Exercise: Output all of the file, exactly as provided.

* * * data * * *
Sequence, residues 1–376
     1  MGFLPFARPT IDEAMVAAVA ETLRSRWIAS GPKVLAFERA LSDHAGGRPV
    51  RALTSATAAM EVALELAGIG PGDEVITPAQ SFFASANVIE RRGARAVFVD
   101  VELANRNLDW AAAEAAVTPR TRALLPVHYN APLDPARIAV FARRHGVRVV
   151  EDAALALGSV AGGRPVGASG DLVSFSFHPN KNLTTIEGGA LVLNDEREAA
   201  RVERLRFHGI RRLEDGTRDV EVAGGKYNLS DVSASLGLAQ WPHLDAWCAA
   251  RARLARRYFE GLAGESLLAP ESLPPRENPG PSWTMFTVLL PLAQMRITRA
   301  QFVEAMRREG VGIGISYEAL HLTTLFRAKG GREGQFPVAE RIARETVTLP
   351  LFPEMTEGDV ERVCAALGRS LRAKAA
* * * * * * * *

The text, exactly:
Sequence, residues 1–376
     1  MGFLPFARPT IDEAMVAAVA ETLRSRWIAS GPKVLAFERA LSDHAGGRPV
    51  RALTSATAAM EVALELAGIG PGDEVITPAQ SFFASANVIE RRGARAVFVD
   101  VELANRNLDW AAAEAAVTPR TRALLPVHYN APLDPARIAV FARRHGVRVV
   151  EDAALALGSV AGGRPVGASG DLVSFSFHPN KNLTTIEGGA LVLNDEREAA
   201  RVERLRFHGI RRLEDGTRDV EVAGGKYNLS DVSASLGLAQ WPHLDAWCAA
   251  RARLARRYFE GLAGESLLAP ESLPPRENPG PSWTMFTVLL PLAQMRITRA
   301  QFVEAMRREG VGIGISYEAL HLTTLFRAKG GREGQFPVAE RIARETVTLP
   351  LFPEMTEGDV ERVCAALGRS LRAKAA